CHICAGO – Lawyers on Wednesday released a deposition from a long-serving bishop and letters and thousands of files from the Roman Catholic Diocese of Joliet – documents that they say show diocesan officials downplayed, dismissed and sometimes covered up sex abuse by priests.
In a 247-page deposition, Joseph L. Imesch, who was the Joliet bishop from 1979 to 2006, concedes under blistering questioning he sometimes allowed priests to stay on or transferred them as allegations they sexually abused children arose.
Taken as a whole, the documents paint a picture of a bishop who is consistently indecisive, at best, and diocese officials who seemed obsessed with ensuring the accusations couldn’t sully their reputations, Jeff Anderson, whose law firm released the files on 16 priests, told reporters.
“The documents show a long-term pattern and long-term choices by ... bishops and their superiors to protect themselves and their priests at the peril of children,” Anderson said.
In Imesch’s 2005 deposition, he was asked about Edward Stefanich, a longtime priest in the diocese who was eventually arrested in 1987 and later pleaded guilty to criminal sexual abuse.
Asked if he considered taking complaints about Stefanich to police years earlier – potentially stopping Stefanich before he abused others – Imesch said he had not.
“I would not do that,” he says in the deposition. “There is no hard evidence this is happening. And I am not going to go say, ‘Hey, police. Go check on my priest.’”
The Joliet-based diocese, which serves nearly 655,000 parishioners, would not deal with abuse allegations the same way now, diocesan spokesman Edward Flavin said in a telephone interview Wednesday.
“Abuse allegations are handled far better today,” he said. “Any and all allegations are fully reported to public authorities. ... We take it very seriously.”
Imesch is retired and still living within the diocese, but not granting interviews, Flavin added.
The release of the deposition, letters and files Wednesday is the latest example of a U.S. diocese turning over documents – that are then opened to the public, as in this case, by attorneys. Earlier this year, the Archdiocese of Chicago released 6,000 pages of documents on about 30 priests.
The content of the Joliet documents is consistent with what’s been revealed in similar such releases, Anderson said.
“I’m sad to say, the pattern is the same,” he said. “[Diocese officials] follow a protocol that allows them to avoid scandal.” That includes erring on the side of keeping things secret whenever possible, he said.
In the deposition, Imesch acknowledges the diocese had a secret archive that only he and one person designated by him had access to, but he denied using it to bury complaints of sexual misconduct by priests.
But pressed by a plaintiff’s lawyer in the deposition – which was taken as part of a civil lawsuit 10 years ago – he says investigations of abuse by the diocese before the early 2000s often consisted of him asking the priest if the allegations were true or not. He says he didn’t go through files when he became bishop in 1979 to determine which priests were the subjects of complaints.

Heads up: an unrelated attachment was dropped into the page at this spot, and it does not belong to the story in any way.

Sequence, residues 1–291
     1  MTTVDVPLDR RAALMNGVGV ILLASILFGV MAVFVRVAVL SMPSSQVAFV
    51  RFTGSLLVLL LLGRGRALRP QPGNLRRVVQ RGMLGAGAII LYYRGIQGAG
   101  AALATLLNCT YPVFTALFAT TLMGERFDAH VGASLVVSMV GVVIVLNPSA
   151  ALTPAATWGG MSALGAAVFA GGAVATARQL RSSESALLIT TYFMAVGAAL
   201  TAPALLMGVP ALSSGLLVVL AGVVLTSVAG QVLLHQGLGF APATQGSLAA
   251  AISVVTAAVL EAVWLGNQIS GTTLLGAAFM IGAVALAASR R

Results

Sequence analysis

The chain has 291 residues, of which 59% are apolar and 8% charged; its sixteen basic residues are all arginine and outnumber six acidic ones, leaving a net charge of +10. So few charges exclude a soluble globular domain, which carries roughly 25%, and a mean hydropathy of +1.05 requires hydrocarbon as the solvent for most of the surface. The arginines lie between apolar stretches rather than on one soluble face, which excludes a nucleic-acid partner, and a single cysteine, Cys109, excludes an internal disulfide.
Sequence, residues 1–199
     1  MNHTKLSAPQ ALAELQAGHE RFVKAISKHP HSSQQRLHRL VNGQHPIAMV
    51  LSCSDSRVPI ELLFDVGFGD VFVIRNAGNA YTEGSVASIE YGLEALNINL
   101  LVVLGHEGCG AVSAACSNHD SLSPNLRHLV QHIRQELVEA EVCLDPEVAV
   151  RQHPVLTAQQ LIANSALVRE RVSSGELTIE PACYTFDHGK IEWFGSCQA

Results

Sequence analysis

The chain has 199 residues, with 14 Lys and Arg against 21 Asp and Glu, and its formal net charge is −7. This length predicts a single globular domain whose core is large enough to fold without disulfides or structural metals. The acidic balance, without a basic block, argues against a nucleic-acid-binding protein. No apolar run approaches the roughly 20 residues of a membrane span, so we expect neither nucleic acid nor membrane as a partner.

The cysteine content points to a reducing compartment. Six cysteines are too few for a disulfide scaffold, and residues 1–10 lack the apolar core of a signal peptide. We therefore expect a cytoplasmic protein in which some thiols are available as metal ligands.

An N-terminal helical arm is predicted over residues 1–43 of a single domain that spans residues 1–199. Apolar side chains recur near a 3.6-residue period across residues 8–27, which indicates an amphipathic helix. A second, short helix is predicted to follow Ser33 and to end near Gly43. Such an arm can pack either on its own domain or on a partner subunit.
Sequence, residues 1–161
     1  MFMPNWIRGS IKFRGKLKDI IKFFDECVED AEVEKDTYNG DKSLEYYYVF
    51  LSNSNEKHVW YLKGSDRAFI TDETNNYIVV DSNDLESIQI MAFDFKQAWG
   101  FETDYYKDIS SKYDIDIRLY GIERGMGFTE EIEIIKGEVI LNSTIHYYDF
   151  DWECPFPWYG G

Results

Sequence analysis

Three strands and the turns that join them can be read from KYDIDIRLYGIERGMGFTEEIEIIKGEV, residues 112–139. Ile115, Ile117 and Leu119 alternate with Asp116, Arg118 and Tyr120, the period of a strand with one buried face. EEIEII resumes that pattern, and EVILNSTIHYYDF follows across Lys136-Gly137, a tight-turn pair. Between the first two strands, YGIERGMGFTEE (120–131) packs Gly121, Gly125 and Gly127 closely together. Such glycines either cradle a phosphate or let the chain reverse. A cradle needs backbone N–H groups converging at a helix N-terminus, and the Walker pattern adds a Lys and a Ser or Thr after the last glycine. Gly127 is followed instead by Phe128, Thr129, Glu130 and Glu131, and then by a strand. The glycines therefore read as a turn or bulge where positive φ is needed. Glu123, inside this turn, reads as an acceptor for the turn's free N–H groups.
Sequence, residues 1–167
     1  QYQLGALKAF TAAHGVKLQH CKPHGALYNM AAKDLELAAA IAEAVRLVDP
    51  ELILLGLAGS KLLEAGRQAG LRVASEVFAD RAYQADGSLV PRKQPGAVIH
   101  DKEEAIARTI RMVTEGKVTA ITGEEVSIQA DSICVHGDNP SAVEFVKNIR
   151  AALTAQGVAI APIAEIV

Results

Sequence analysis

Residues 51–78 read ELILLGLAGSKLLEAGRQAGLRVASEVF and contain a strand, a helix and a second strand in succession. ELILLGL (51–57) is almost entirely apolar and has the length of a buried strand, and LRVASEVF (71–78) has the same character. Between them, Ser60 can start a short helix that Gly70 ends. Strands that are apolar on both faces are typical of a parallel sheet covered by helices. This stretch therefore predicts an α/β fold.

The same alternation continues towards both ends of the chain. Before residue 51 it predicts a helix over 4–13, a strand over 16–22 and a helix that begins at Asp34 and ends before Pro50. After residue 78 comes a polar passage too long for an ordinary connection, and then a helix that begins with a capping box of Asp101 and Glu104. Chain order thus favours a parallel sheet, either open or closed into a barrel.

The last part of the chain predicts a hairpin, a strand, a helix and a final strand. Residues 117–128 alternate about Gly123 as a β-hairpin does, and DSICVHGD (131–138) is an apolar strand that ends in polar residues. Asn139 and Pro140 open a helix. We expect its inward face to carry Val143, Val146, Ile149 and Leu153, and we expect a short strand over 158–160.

Dozens of the released documents refer to Frederick Lenczycki, who was convicted in 2004 of abusing three boys. Complaints from parishioners and letters to and from the priest and the diocese indicate multiple allegations of abuse going back 30 years.
In one 1985 letter to Imesch, Lenczycki writes he cried “like a baby – like I did in your arms” after mentioning to someone what he’d done.
Asked why he chose to let Lenczycki and other priests continue in the ministry after reports emerged of child abuse that the bishop himself deemed credible, Imesch several times notes they had received therapy.
On another occasion, Imesch transferred a priest to a new parish after complaints he had played inappropriate games with children in the nude, according to the deposition.
“The psychiatrist said it was OK, so I put him in [another] parish,” Imesch says in the deposition. “It was not considered a crime or a criminal activity, so there was no reason for me not to transfer him.”
A lawyer in the deposition pressed Imesch about what level of proof and what level of alleged abuse he needed to deem a priest unfit for the priesthood.
Imesch was asked about his resistance to remove Stefanich as suspicions swirled around him in the years before his arrest and even after police suggested the priest was a possible suspect in a murder.
“Suspicion is not enough to remove someone. That’s a police job to investigate,” he responds.
Those who questioned him also note in the deposition that the bishop sent a note to Stefanich as police scrutiny intensified on the abuse allegations against the priest.
Asked if he ever offered his “personal assurances and prayers and whatever help might be needed” to Stefanich’s victim, Imesch says he tried to reach out to her but “never had a chance to meet her.”